Hope for abused animals in entertainment
In China, wild animals are widely used for performances in zoos and circuses. Lions, tigers, bears, monkeys and elephants are held in appalling conditions, regularly mistreated and abused, just to entertain audiences and make money. But there is hope for improvements. Chinese audiences are becoming increasingly aware of and concerned about the cruelty involved in using animals in entertainment. A circus in Zhangzhou city, Fu Jian Province, was recently banned from using wild animals, and although it flouted the ban, audiences stayed away. The Chinese government has also taken a significant step to stop this cruelty, by banning animals in performances in zoos.
In China, wild animals are widely used for performances in zoos and circuses. Lions, tigers, bears, monkeys and elephants are held in appalling conditions, regularly mistreated and abused, just to entertain audiences and make money. Earlier this year a circus (with lions and tigers) turned up in Zhangzhou, a city with over 4.6 million inhabitants. To promote the shows the circus took out prime time TV commercials, advertised online and even paraded their wild animals on city streets.
Zhangzhou Small Animal Protection Group (ZSAPG) decided to take action, and conducted a campaign to stop this circus from using wild animals:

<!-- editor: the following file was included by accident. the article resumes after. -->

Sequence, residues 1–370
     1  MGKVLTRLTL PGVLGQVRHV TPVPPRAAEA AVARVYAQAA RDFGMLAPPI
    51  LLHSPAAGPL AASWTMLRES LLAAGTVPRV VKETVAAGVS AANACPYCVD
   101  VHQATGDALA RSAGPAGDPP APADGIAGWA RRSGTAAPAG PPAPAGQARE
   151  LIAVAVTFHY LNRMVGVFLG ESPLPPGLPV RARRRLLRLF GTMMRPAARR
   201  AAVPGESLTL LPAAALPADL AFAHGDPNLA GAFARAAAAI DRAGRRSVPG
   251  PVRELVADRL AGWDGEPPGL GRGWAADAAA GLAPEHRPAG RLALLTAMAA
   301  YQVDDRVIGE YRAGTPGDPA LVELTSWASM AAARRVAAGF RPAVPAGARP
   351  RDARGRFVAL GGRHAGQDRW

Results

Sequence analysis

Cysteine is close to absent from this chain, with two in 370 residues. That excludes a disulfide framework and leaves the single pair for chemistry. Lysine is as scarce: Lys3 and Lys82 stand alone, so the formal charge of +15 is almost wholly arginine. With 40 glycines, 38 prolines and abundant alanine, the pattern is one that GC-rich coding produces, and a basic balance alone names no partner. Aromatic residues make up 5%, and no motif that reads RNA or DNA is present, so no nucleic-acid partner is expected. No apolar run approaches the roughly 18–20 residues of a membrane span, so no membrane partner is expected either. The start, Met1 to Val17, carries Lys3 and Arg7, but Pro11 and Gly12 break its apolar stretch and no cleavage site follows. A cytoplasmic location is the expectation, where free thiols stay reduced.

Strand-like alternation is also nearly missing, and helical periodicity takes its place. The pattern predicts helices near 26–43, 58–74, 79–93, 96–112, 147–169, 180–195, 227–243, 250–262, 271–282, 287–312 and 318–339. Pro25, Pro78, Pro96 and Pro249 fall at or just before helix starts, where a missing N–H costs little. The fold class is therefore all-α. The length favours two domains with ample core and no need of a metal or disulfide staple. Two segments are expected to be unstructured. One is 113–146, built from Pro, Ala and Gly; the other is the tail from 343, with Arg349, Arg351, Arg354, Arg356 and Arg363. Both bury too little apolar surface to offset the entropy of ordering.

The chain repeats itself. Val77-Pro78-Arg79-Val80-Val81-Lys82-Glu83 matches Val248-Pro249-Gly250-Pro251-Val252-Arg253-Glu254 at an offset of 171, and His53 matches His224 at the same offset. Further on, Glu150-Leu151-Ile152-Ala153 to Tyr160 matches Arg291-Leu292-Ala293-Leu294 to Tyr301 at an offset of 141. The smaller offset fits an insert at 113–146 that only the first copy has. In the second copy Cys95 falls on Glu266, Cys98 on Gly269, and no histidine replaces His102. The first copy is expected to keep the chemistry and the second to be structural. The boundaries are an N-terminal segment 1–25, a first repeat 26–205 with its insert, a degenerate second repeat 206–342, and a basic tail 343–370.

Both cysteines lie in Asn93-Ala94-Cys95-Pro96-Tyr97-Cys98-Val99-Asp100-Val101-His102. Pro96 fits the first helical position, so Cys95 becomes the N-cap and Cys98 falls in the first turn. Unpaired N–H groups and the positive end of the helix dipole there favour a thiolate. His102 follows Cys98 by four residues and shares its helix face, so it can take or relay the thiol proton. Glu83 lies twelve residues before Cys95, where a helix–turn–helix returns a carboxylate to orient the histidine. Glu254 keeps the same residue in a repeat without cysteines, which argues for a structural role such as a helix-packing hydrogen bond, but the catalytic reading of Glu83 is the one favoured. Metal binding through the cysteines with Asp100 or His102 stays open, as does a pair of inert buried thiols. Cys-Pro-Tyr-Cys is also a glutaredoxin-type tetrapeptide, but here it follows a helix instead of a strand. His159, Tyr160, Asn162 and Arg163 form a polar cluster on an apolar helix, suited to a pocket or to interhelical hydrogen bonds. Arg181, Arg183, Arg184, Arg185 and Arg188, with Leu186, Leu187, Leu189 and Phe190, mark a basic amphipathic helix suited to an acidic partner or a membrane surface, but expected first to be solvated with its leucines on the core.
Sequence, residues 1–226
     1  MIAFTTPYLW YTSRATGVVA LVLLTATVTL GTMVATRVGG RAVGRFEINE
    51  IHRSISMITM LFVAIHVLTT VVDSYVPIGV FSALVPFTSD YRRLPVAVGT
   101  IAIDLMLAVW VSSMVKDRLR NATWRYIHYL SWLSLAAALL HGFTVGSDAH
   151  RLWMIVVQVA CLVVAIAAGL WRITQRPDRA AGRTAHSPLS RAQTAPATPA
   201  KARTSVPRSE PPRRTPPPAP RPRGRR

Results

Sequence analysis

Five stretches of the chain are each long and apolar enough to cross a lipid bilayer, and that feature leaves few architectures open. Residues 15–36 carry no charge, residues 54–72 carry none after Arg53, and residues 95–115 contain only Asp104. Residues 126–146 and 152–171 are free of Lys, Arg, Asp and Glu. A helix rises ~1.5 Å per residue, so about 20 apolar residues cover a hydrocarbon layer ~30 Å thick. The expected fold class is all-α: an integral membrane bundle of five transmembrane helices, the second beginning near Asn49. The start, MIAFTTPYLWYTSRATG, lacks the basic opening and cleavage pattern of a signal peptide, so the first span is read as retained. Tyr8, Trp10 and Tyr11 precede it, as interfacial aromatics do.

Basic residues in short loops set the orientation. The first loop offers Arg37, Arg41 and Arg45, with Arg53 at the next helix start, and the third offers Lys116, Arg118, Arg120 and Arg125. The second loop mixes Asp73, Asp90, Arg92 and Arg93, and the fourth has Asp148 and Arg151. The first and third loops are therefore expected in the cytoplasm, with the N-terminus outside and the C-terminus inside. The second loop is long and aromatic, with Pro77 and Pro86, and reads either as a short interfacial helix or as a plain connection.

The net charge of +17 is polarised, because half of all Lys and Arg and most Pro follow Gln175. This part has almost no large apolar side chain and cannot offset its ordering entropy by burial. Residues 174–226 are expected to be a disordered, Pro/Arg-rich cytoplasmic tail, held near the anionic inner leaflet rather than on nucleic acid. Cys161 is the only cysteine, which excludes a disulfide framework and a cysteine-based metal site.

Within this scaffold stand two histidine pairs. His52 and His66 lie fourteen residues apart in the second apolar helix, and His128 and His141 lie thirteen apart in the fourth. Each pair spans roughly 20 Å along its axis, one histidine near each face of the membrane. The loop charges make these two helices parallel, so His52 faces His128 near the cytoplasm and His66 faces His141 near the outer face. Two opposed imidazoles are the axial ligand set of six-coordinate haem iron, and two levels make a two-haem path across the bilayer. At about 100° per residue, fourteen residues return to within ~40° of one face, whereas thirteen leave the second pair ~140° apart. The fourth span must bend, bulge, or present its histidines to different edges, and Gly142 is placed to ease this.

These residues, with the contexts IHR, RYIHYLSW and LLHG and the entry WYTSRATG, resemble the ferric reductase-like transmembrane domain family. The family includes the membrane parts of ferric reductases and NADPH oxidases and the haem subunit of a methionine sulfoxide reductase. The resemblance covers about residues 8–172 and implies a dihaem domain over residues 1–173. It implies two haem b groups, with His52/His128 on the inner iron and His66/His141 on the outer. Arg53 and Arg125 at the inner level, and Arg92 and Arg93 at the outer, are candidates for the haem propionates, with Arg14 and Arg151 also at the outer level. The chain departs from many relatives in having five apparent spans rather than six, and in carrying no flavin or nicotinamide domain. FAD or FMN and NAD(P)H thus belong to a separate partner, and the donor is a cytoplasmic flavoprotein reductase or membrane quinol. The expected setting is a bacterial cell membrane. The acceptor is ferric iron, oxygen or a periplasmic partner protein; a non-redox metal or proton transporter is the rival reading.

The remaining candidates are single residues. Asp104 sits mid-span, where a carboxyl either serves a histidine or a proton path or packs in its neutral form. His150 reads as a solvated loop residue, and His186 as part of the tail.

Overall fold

- They warned the local police about the potential danger to the public in connection with the exhibition of wild animals on the streets.
- They then complained to the appropriate authorities about the circus. Although the use of wild animals in circuses is unfortunately not prohibited by Chinese law, a circus must have proper documentation. This circus did not have its papers in order, so a ban was issued, forbidding them to display wild animals.
- Finally, members of ZSAPG informed the television channel and website on which the circus was advertising about its illegal practices. As a result they immediately stopped broadcasting the circus commercials.
Although the circus has ignored the ban and continues the use of wildlife in their show, the stands remain empty. Potential audiences have successfully been informed about the abuse of wild animals and have decided to stay away. This is a big success for ZSAPG and a blow to the circus, which will not be returning to Zhangzhou next year.
ZSAPG feels that it was supported in this campaign by the training received from ACTAsia capacity building workshops since 2006: “In the workshops we learned to work strategically and plan our actions step by step. Thus we have achieved results.”
We are extremely pleased with ZSAPG’s success as this is one of their early campaigning experiences and they are a great model to follow on how to transfer workshop training into campaigns on the ground. ACTAsia’s workshops have covered, among other subjects, campaign planning, project management and welfare issues for wildlife used in entertainment.